Black people using the word were supposed to be reclaiming it. And god knows it needed reclaiming. But the problem is, if the word has been reclaimed, and if it represents blackness in popular culture from music to movies to sports, then a lot of white people are going to find it irresistible, and not because they’re racists, but because they hope it will give them access to a culture which exludes them. It allows them to dream of escaping the category they are placed in – seemingly a universal human desire.

Is language shrinking?
April 6, 2007, 9:12 am
Filed under: Language

From sciencedaily.com. Linguists asked young people and old people, in Chicago and Mexico City, to list words for emotions:

The younger participants, regardless of language, tended to use the same sets of words with limited diversity in their responses. The older participants had fewer identical words but far more diversity.

“We expect a more diverse vocabulary in the older participants. They have experienced more living and have broader vocabularies,” says the Penn State researcher. “This suggests that older adults have more diverse emotions.”

Is it not equally possible that the smaller vocabulary shown by younger participants reflects a general shrinking of English and Spanish vocabulary over time?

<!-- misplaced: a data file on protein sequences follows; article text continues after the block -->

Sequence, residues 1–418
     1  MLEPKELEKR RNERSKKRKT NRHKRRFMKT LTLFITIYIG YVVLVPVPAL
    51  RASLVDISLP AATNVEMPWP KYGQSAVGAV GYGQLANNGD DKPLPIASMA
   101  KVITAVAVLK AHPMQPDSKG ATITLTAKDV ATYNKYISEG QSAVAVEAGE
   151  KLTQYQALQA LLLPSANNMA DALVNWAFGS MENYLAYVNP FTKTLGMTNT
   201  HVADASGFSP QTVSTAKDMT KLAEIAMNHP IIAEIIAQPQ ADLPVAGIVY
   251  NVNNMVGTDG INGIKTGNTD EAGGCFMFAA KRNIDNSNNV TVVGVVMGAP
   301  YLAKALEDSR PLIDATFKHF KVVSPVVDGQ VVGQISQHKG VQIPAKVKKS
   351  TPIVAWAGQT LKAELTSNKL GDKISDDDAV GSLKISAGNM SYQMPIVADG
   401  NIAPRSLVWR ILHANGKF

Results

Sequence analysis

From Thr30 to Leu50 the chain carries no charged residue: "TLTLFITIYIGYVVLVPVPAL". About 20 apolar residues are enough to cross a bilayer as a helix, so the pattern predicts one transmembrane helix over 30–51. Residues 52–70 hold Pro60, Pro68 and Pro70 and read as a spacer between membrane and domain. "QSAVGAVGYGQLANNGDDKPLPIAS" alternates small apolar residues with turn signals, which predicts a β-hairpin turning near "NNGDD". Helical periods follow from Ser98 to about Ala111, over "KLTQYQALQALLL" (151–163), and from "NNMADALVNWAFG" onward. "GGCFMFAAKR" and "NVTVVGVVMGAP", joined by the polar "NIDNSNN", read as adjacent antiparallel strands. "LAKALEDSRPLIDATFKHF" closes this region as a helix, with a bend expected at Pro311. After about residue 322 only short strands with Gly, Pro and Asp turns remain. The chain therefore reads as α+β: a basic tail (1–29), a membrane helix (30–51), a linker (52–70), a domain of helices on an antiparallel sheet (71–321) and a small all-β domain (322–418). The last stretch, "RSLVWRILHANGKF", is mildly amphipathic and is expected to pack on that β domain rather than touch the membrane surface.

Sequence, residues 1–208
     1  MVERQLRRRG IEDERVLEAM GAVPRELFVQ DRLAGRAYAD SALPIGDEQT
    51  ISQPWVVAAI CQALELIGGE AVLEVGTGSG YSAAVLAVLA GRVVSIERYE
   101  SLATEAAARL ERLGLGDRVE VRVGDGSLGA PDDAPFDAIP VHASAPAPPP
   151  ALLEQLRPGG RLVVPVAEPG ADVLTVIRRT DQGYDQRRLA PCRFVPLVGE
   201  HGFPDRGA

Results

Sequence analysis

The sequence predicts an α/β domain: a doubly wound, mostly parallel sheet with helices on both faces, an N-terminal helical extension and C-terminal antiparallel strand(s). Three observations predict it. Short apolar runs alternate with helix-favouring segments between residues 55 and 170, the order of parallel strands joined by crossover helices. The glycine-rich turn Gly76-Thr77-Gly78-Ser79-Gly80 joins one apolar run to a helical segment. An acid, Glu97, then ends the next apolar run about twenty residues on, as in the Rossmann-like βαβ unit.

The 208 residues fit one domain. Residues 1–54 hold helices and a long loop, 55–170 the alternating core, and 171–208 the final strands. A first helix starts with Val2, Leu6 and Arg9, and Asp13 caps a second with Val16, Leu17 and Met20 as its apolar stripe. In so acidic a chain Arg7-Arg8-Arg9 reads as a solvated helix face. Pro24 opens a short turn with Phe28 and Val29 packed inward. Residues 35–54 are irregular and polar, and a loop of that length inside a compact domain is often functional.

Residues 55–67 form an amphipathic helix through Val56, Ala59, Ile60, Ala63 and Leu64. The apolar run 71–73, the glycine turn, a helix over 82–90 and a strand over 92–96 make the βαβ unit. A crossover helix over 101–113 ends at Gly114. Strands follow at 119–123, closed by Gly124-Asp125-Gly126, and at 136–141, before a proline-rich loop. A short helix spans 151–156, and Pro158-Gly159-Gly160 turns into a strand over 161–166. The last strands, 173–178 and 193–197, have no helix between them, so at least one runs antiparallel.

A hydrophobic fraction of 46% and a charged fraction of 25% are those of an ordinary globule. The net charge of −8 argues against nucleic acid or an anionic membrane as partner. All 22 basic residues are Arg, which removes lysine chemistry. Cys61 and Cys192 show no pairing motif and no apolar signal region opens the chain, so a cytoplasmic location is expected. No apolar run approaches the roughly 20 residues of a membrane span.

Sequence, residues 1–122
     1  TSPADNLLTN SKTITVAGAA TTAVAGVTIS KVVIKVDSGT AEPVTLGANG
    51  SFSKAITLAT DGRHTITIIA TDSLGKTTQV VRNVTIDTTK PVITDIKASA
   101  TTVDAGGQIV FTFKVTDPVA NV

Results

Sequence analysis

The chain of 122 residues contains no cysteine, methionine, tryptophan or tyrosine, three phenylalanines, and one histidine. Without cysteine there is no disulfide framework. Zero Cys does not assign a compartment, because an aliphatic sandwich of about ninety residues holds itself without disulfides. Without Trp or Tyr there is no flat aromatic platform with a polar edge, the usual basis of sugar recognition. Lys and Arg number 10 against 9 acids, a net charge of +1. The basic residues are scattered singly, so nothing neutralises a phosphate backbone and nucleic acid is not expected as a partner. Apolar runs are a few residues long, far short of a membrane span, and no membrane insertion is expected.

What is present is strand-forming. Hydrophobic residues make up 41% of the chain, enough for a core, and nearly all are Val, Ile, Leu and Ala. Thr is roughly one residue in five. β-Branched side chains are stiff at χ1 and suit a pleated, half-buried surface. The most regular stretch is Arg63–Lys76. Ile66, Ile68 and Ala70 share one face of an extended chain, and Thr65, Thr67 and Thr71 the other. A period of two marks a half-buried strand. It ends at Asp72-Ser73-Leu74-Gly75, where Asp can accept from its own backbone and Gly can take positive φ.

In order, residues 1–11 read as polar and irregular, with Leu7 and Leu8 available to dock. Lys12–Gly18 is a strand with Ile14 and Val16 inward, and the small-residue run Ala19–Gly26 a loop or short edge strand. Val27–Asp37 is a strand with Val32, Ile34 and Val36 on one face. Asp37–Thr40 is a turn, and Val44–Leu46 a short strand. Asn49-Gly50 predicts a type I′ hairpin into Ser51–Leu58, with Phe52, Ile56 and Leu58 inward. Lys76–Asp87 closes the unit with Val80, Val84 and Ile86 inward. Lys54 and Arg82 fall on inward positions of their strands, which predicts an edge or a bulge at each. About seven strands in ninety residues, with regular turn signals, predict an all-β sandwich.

At one time English had little standardized spelling, but as printed matter became widespread standard spellings dominated. It is worth asking whether a similar effect, fueled by ever-more-standard English on television and the internet, could begin replacing rarely used words with more mainstream counterparts. Unlike harmonization of spelling, this change would curtail expression.

Facial expression, the universal language?
April 6, 2007, 8:52 am
Filed under: Language

Apparently not. For Americans, the mouth shows how one is feeling; Japanese look to the eyes. And it holds true for emoticons too:

In the United States the emoticons : ) and : – ) denote a happy face, whereas the emoticons :( or : – ( denote a sad face. However, Japanese tend to use the symbol (^_^) to indicate a happy face, and (;_;) to indicate a sad face.

Maybe that explains why they draw faces like this. animeĀ face Nod to Andrew Sullivan.

March 24, 2007, 2:30 pm
Filed under: Comedy, Language, Politics

Tony Blair rises in my esteem. Also I like the way Catherine Tate pronounces “tattoo parlor.” Thanks to Andrew Sullivan.

Nice how 10 Downing Street looks an awful lot like an ordinary house.